DAR Cruise Day 2: The American Revolution in the Caribbean

Written by: Gloria Flathom, Illinois State Regent
November 14, 2018

Where can you look out your ship board window, see a rainbow, dark clouds hanging over the lush green mountains; but just wait, the wind picks up, salt spray pounds the veranda and what was there a minute ago disappears into a gray menacing ship-rocking short lived storm?  On the DAR Caribbean Cruise of course!  Off to the left is another ocean going cruise ship, the dark rainy clouds are now hanging over those sea-going passengers.  Within two miles of this are houses of blue, yellow, pink and mint green nestled into the street scape.  At first glance vehicles driving “on the wrong side of the street” darting to and fro as residents head off for the day.  Postage stamp sized deep green fields hang on to the gently sloped mountains.

St. Thomas’ territorial capital city, Charlotte Amalie (named after the King of Denmark’s wife), was discovered by Christopher Columbus’ second voyage to the new world in 1493.  This tiny island of 32 square miles bought by the United States for $25 million in gold in 1917, along with St. Johns and St. Croix. At various times during the island’s history it was Norway-Denmark’s a conquered island in 1666, British or French or both, who also occupied this island. The islands population of 51,000 are of largely Afro-Caribbean, Hispanic and Caucasian descent.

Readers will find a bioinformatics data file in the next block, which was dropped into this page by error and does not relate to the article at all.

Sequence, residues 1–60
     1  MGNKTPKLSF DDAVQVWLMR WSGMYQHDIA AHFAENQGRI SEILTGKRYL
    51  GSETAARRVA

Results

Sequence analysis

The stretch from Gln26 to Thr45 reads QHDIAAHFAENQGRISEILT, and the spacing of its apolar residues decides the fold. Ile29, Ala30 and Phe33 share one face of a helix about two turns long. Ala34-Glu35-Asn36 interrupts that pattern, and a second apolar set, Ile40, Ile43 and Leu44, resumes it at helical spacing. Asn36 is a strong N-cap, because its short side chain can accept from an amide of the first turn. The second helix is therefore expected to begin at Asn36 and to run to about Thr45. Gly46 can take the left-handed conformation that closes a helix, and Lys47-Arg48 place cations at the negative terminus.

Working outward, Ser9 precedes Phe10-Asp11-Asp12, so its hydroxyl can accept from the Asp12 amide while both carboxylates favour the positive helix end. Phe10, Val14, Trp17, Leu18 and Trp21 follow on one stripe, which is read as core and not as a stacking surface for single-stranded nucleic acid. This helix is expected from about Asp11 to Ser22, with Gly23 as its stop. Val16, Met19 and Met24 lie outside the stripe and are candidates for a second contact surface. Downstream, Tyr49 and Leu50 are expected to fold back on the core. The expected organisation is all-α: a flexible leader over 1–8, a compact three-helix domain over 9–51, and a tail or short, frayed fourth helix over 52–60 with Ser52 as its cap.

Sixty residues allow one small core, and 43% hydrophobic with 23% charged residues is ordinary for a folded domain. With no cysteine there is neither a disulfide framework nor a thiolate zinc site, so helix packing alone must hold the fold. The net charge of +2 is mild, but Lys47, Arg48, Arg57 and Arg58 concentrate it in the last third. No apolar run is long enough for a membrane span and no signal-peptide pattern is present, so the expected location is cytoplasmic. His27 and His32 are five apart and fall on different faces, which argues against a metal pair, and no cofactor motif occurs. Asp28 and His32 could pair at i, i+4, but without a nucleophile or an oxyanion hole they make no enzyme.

St. Thomas, Virgin Island– where the Atlantic Ocean meets the Caribbean Sea; finds roads of steep cork screw bends climbing up the mountain side as we climbed higher and higher to Drake’s Seat overlooking Magens Bay.  Blackbeard’s Castle was the goal as were able to drive completely around the walled steel gated estate.

The Pirates Museum was a true “treasure” as we saw and learned of thousands of years of piracy along with true booty including gold coins, cannons, holy statues, navigation instruments and telescopes.  Jack Sparrow would have been proud!

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